The Festival TransAmériques de Montréal reopens its doors to the world


After two years of reduced scope necessitated by the pandemic, FTA is once again becoming a truly international forum for cutting-edge theater and dance.

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Now in its 16th edition, the eclectic and thrilling cornucopia of avant-garde dance and theater that is Montreal’s Festival TransAmériques returns with a vengeance this year with 23 shows from as far away as Nigeria, Brazil, Greece and South Korea.

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Contrast that with the devastating first year of the pandemic, which saw the festival more or less shut down except for a handful of online events.

Last year it was able to become operational again, but travel restrictions meant it was confined almost exclusively to Canadian artists.

The new artistic direction team of Jessie Mill and Martine Dennewald has clearly taken over (from Martin Faucher) at a difficult time, with the lingering effect of COVID on the performing arts industry.

Speaking to the Montreal Gazette 12 days before opening night at the FTA office — a hive of quiet, focused activity — Mill describes the mood of the audience ahead of the festival.

“There’s a lot of excitement,” she says. “A lot of our small and medium shows are almost sold out. But in terms of ticket sales, we started later, in mid-February. Normally we start selling in December, and normally we’ve sold 95 % of our tickets (to date).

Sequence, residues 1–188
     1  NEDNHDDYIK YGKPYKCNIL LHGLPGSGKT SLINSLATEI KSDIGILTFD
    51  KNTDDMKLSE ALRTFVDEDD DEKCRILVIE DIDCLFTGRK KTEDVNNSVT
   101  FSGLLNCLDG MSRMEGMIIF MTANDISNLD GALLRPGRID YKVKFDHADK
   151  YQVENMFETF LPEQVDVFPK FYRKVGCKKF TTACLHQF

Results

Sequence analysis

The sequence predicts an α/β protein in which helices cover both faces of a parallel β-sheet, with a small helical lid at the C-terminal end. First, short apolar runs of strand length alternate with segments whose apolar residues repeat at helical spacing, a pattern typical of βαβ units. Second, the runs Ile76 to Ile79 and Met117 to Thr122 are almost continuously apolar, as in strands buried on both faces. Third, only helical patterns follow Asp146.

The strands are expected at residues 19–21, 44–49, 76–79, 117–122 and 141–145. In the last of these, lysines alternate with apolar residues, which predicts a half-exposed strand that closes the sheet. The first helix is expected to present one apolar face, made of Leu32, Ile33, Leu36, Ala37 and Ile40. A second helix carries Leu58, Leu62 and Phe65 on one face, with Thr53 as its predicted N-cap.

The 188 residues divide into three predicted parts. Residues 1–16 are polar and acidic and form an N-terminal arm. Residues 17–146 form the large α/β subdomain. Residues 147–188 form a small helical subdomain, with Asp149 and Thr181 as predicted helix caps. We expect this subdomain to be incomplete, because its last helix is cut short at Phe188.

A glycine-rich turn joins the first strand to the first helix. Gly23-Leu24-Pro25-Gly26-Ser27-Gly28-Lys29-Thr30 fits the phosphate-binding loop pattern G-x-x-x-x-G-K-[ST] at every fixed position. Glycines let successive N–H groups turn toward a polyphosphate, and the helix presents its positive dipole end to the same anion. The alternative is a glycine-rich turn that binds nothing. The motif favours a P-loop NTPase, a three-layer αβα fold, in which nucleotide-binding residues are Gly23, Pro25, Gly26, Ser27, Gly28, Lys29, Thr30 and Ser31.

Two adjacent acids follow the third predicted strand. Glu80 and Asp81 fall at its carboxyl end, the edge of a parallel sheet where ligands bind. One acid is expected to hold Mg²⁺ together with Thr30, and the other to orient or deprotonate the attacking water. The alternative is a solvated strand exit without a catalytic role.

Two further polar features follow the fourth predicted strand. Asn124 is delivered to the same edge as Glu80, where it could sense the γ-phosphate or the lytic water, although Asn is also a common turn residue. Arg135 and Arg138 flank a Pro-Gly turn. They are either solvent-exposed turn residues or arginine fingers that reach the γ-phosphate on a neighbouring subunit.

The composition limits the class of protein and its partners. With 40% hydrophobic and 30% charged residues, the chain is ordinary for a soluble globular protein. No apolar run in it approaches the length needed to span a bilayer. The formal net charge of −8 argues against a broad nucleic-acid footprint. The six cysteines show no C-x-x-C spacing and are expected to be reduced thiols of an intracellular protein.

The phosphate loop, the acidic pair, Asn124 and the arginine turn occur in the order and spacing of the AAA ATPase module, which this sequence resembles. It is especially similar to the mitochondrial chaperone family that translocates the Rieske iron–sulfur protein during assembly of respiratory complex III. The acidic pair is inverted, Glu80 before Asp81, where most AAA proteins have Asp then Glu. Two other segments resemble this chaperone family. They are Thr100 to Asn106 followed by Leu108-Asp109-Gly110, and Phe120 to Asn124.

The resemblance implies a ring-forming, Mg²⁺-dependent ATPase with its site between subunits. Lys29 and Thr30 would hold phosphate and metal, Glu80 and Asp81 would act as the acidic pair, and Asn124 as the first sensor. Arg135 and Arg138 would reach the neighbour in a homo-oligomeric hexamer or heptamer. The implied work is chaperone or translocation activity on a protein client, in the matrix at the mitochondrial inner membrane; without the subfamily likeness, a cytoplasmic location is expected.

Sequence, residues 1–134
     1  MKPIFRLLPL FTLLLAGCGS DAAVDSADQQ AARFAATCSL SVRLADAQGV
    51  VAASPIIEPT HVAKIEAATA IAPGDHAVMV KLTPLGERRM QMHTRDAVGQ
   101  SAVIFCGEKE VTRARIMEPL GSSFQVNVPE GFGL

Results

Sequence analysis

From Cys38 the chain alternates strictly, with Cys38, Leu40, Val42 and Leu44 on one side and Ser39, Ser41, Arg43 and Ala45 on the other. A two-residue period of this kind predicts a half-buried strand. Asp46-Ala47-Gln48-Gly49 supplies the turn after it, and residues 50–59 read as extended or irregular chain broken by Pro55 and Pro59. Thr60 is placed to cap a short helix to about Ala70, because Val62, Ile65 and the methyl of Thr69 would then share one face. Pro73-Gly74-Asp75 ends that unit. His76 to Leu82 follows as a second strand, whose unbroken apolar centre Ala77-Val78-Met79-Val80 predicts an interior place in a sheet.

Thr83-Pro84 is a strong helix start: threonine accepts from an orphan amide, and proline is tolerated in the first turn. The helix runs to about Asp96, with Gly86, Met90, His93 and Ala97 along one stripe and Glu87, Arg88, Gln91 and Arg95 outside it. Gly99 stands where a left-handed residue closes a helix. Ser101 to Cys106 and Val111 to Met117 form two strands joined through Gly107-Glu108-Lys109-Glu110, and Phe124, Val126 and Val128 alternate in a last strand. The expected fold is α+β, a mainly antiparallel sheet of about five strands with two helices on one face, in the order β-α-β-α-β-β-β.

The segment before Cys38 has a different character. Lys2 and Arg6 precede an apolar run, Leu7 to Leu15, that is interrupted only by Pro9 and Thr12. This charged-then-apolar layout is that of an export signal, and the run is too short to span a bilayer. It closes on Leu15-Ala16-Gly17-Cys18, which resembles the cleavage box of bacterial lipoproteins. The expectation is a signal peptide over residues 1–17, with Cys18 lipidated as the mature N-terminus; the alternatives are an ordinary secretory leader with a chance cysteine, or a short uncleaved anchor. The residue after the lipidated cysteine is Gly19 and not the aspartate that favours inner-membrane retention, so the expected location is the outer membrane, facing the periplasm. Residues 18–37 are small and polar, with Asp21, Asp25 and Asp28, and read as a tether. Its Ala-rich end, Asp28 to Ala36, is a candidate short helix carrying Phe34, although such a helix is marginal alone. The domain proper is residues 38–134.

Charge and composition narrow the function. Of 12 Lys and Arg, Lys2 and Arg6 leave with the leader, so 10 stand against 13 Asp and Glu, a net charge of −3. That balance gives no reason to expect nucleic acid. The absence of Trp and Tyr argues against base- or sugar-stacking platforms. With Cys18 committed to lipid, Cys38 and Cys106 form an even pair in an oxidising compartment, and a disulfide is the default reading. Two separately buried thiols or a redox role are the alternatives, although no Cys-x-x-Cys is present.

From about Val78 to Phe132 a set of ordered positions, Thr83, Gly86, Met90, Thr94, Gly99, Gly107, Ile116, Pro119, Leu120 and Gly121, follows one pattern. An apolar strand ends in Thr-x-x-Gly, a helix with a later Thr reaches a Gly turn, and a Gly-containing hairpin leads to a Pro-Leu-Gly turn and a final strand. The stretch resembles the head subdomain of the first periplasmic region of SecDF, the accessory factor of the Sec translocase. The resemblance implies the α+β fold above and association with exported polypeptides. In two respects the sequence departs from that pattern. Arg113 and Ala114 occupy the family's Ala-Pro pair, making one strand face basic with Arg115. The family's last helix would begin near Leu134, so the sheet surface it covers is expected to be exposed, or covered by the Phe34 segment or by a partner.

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Because of the pandemic, says Mill, “habits have changed a lot. People don’t book their tickets as early as they used to. But I think we’re doing pretty well. So far, so good.”

FTA artistic directors Martine Dennewald, left, and Jessie Mill.
FTA artistic directors Martine Dennewald, left, and Jessie Mill. Photo by Loving Filion

One of the big changes Mill and Dennewald are making to FTA is a decrease in European content in favor of artists from, say, Africa and South America. They also aim to build on last year’s uptick in Indigenous participation, which was partly the result of this necessary focus on Canada. “We also want to work with indigenous artists from northern Europe, Australia, Chile,” says Mill.

Mill anticipates the shift in focus leading to more pieces that use simpler means to achieve their effect. “Generally, the work that is done in Africa, for example, is done with less means in terms of equipment and funding.”

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As an example, she cites Traces, by Étienne Minoungou from Burkina Faso.

“He’s a man on stage with a musician, and he speaks to African youth about all the potential of Africans. It’s very simple, but it’s really strong – stronger than a lot of things I’ve seen recently.

But for those for whom FTA means, as it often does, bizarre and mind-blowing spectacle, Mill has a reassuring message: “We will always be interested in technological innovation. … Don’t worry, he will always be there.

Étienne Minoungou's one-man show Traces gives voice and hope to the poor.
Étienne Minoungou’s one-man show Traces gives voice and hope to the poor. Photo by Véronique Vercheval

Choice of FTA